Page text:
Michael Shaw - He Rode On



It’s safe to say that Michael Shaw has one of the wildest life stories of any rising artist at the moment and there is little doubt that he’s born for a life in music. Raised in the Appalachian foothills, as a young man he upped sticks and moved to the wilds of Montana, where he lived a pretty solitary life as a horseman and wilderness ranger. He often survived harsh winters in a one-room shack, lacking both indoor plumbing and electricity. To while away the lonesome and endless days and nights he would spend time playing his trusty guitar and penning songs. A staggering debut of depth and substance, he has skilfully nurtured a reputation for ruminative excursions through rugged western-tinged tundra—open-ended soundscapes further explored on this superb slice of genuine Americana. He lets his blue wanderlust leach out for a raucous, rowdy, soul-drenched celebration of good times, bad women, and temptations that both overcome and are conquered. These songs stretch out and travel their own highways and byways with an authentic cowboy country sound that evokes the jubilation and joy of Montana’s majestic mountains, and the feeling of clarity and contentment that long lured folks to western realms. Press play, and visions of smoking indoors with some whiskey on the rocks come to mind. It’s the kind of music that travels through time while taking from the era where it was born and turning it into something fresh.

Produced by Canadian Grant Siemens, Corb Lund’s long-time guitarist, and recorded in his Winnipeg studio, there’s real skill, spirit and attitude at work here and I’m pretty sure Hank done it this way. Siemens has pulled together a team of top-of-the-range players including Robby Turner (pedal steel), John McTigue III (drums), Bernie Thiessen (bass), Jeremy Penner (fiddle), Marc Arnold (piano, organ) with Siemens providing the electrifying lead guitar work, giving the songs a spacious urgency with the drive of a Berry rocker and the expanse of a Robbins’ western ballad. The rambunctious opener, Bad Honky Tonker, is the perfect antidote to all those Stetson-wearing, pseudo country singers currently killing Music Row. This is rebellious rock & roll with a country twang and, unexpectedly, overtones of punk energy buoyed up by frenetic fiddling and a heavy backbeat with lyrics to die for. There’s no doubt that parties everywhere across the good ol’ USA, whether they’re held in parking lots, pastures, backyards or lake shores, would be wise to have this one permanently on their playlists.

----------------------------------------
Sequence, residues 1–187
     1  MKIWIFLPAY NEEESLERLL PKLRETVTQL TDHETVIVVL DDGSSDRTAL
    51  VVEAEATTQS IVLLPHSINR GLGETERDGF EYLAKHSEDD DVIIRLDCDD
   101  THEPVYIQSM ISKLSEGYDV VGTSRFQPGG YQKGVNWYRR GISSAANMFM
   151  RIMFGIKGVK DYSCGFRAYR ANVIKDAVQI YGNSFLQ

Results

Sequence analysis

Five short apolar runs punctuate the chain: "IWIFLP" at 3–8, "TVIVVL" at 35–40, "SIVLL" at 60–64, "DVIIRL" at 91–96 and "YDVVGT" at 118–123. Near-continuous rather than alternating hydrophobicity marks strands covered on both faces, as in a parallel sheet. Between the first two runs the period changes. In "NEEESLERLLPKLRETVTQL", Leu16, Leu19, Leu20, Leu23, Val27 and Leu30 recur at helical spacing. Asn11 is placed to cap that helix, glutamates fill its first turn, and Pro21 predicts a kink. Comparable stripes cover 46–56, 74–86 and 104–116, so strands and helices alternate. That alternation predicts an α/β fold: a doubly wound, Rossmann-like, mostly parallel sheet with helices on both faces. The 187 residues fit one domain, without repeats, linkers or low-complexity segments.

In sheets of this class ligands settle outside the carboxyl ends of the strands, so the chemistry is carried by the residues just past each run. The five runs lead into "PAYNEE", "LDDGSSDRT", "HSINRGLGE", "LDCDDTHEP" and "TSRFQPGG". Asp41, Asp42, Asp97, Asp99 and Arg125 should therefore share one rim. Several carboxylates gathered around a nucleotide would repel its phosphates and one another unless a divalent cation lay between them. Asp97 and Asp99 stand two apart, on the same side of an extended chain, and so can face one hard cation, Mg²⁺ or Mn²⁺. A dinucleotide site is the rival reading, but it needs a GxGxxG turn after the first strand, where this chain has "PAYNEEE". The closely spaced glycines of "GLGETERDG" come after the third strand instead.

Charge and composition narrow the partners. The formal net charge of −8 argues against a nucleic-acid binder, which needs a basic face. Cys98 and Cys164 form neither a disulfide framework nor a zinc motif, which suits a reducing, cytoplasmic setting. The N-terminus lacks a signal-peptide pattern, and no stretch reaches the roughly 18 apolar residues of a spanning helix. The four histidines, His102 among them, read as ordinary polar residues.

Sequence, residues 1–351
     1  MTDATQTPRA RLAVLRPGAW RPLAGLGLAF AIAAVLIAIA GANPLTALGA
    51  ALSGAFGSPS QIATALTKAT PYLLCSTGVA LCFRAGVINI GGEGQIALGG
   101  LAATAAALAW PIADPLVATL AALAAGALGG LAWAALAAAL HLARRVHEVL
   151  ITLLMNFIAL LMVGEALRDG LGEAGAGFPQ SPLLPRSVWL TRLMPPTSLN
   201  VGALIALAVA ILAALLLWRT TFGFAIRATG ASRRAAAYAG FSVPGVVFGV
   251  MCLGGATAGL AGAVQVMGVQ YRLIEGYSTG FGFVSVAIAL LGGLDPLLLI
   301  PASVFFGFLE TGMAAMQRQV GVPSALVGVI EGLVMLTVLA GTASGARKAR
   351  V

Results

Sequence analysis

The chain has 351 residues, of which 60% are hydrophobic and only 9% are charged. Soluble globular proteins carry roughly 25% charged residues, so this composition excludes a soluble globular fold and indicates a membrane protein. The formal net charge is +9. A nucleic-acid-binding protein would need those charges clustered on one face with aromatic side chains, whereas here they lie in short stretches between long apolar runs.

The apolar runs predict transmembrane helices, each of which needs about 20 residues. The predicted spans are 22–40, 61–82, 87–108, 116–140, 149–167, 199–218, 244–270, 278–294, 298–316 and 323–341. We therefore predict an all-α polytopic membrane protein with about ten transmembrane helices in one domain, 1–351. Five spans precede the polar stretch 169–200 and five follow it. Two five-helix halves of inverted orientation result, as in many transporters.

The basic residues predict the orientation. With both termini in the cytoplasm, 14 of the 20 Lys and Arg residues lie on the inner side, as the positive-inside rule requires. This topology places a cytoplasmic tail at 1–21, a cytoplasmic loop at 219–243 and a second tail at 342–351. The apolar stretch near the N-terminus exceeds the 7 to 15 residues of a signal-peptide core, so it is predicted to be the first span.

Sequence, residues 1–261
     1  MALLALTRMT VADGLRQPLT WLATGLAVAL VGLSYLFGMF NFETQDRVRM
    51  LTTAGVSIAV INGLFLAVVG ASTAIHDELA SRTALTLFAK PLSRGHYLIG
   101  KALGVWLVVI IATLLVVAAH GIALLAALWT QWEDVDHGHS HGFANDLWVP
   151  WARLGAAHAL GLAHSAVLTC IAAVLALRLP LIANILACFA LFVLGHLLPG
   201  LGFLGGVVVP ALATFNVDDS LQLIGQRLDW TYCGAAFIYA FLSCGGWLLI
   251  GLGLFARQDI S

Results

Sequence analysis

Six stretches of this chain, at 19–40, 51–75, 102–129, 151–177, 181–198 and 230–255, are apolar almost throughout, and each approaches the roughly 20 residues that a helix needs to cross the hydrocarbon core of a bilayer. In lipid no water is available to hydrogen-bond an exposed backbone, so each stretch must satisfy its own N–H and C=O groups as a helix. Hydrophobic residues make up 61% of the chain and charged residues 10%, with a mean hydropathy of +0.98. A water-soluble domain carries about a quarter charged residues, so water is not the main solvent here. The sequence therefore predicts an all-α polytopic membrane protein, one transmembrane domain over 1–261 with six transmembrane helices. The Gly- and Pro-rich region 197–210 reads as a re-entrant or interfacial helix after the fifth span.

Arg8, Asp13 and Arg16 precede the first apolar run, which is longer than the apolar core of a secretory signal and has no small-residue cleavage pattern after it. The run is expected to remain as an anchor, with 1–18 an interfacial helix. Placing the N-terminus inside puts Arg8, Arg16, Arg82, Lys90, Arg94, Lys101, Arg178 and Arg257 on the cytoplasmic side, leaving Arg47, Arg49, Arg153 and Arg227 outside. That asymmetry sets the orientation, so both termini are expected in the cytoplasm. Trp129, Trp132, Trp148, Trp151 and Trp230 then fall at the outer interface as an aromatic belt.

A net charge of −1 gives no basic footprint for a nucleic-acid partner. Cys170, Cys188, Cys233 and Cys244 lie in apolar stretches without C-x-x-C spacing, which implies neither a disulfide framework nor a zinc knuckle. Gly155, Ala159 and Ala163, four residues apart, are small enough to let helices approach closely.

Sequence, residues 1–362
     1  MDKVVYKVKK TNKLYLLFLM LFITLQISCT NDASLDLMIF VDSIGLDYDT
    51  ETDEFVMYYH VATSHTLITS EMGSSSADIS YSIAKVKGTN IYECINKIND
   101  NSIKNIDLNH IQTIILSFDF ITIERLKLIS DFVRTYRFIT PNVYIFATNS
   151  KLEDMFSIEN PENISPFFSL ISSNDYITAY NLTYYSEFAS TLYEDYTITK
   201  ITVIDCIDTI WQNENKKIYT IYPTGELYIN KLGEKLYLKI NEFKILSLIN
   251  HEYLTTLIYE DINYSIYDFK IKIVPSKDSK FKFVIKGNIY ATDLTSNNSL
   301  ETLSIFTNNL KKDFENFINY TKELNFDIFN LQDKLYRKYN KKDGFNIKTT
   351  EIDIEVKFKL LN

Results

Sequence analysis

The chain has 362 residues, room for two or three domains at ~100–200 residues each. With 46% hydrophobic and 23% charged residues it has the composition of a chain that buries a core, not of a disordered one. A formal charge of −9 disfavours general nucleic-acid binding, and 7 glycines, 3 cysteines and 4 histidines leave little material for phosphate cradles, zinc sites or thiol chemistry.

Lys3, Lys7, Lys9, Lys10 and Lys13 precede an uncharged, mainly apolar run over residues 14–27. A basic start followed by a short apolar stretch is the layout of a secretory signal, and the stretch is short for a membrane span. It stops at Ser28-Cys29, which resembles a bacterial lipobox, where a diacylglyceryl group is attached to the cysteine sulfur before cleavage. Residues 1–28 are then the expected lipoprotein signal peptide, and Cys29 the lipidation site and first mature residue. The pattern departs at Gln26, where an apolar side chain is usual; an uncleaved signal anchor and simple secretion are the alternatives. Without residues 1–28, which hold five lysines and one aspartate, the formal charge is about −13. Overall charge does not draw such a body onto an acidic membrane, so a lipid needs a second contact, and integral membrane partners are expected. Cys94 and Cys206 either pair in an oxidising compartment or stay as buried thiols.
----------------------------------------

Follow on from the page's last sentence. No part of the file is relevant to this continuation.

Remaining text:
Sounding a little like Jerry Lee meets 1980s Steve Earle, Cowboy Boots And A Little Country Dress, based loosely on a wild weekend in Elko, even features Michael doing a little yodelling to add authenticity to this knotty, pummeling rockin’ country tune that sounds vintage but feels current. With a soulful, yet plainspoken, mountain voice and a knack for telling a fine story in a song, some of his best creations are slice-of-life yarns such as Light Of The Moon. Set in his native eastern Kentucky it perfectly captures the life of an old moonshiner way back in the hollers. It’s a whole lot more grungy, bluesy, and rock and roll than expected, with Marc Arnold’s organ swirling around and Andrina Turrence’s soulful harmonies adding to the compelling real life story of the late Popcorn Sutton that will reach out and grab you. This neatly segues into He Rode On, an epic piece of writing on how we all believe that we’re invincible … only to discover the end of the road slowly becomes closer and closer. This is another personal song, as it’s dedicated to the late Colin McKnight, his long-time friend and band mate. Billy is a pure country tune with exquisite vocals that goes from rock steady to rock heavy, with plenty of pedal steel and fiddle and drumbeats that’ll become an easy fan favourite. Stick A Fork In It is a great honky-tonk rave-up about a no-good woman who won’t stay home. Siemens dials up the Tele and Turner the pedal steel on this undeniable barroom banger. Michael James’

distinct brand of country combines the genre’s vivid storytelling with ear-grabbing rock riffs and unmistakable soul for a sparking connection with those who like their country with a bit of bite to it. 


June 2022